This Year, in September, Diana is Not Going to Catch up With Me on Her Birthday

HAVANA, Cuba—In the first half of the 1970s, the Curacao couple Diana Lebacs and Pacheco Domacassé appeared in Havana, Cuba. Both were young musicians and writers, she an actress and he a theater director.

cuBACuracao authors (L-R), Hilda de Windt-Ayoubi, Diana Lebacs, with Cuban author, editor Emilio Jorge Rodríguez (2nd R), in Cuba for Havana Bookfair 2019. (Photo courtesy EJRWe established such a partnership—initially based on my interest in the literature of the Dutch territories in the Caribbean—that shortly afterwards Diana began to send me (in her own handwriting) bio-bibliographies of authors close to them, and of the published writers that I had requested information about, to expand the wealth of information I had access to at that time.

These mailings and correspondence were related to an overly ambitious plan for an encyclopedic dictionary that would make the writers of the Greater Caribbean visible. But due to its size and lack of resources, the voluminous book project could not be completed. One of the contributors, who wrote a number of articles on Cuban writers, was Raúl Hernández Novás.

As a consequence of our ties, in 1976 Pacheco participated in a Meeting of Caribbean Writers in Havana. Although our exchanges continued by post, it was not until the end of the 1990s that we met again during my brief visit to Curaçao.

Given the scenario of balkanization and little contact between writers from the Netherlands territories in the Caribbean and the rest of the region, I directed the initial proposal toward the preparation of a Dictionary of Writers from the Caribbean Netherlands.

After Diana and I discussed the idea, it became a dream for both of us. She assumed her part of the task spontaneously, with the dynamism and youthful passion with which she undertook all work for the culture of Curaçao.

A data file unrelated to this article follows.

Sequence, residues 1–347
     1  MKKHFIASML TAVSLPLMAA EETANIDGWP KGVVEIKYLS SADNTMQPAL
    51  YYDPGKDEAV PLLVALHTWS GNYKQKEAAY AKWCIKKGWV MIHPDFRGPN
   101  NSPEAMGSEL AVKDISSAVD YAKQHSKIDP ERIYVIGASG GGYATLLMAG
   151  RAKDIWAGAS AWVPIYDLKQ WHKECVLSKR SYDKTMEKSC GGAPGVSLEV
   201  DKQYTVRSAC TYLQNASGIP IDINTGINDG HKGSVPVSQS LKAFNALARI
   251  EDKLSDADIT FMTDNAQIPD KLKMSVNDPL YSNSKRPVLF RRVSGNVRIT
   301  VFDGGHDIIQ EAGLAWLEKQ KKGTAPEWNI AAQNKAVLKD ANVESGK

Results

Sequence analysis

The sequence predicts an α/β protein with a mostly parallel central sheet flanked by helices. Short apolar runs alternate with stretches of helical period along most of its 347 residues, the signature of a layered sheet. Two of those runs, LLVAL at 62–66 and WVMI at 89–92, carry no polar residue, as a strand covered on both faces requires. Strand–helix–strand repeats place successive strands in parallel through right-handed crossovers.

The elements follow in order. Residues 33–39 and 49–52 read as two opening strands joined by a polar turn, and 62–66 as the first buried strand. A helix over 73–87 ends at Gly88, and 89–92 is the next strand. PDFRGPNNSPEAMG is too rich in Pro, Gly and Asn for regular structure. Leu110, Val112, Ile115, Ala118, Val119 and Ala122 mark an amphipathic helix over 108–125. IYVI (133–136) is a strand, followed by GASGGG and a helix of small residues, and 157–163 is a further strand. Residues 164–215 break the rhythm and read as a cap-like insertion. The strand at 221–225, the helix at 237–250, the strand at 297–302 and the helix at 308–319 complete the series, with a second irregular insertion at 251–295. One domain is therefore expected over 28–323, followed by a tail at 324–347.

The elegant and passionate lady, a winner of important literary prizes, invited to countless cultural activities, with many published books, never abandoned our dream of the encyclopedia of Caribbean writers.

Diana also recruited the writer Hilda de Windt-Ayoubi, and they created an advisory committee. The committee held numerous meetings, of which they sent me minutes with questions, clarifications, doubts, and proposals.

My project was presented to the Prins Bernhard Culture Fund Caribbean Region, and in 2019, that institution granted a financial subsidy to expand the research to be carried out in the six islands concerned: Aruba, Bonaire, Curacao, Saba, St. Eustatius, St. Martin (Netherlands part).

Amid the COVID-19 pandemic, with the impossibility of traveling to the islands, the research has been slowed down, but not abandoned. All the people committed to the literary project have maintained an interest in completing the Dictionary, imbued by Diana’s immeasurable energy.

When Hilda called me early in the morning of July 12 with news of Diana’s passing the previous day, she also told me that Diana used to visit her to brainstorm about advancing the literary research project, something that I intuited from a distance.

I understand that the linguistic complexity of the Caribbean region means that some of my friends on Facebook are unaware of many of its writers. That is why my tribute to Diana has focused generally on her perseverance towards the Dictionary that we longed for together—a dictionary that will also include a more updated version of the article I wrote about her for the Dictionary of Caribbean and Afro-Latin American Biography (Oxford University Press, 2016).

Be assured, we will continue to dream of the project that you cherished as our own, Diana. Wherever you are, receive my immense love and respect.

Brasa, Diana.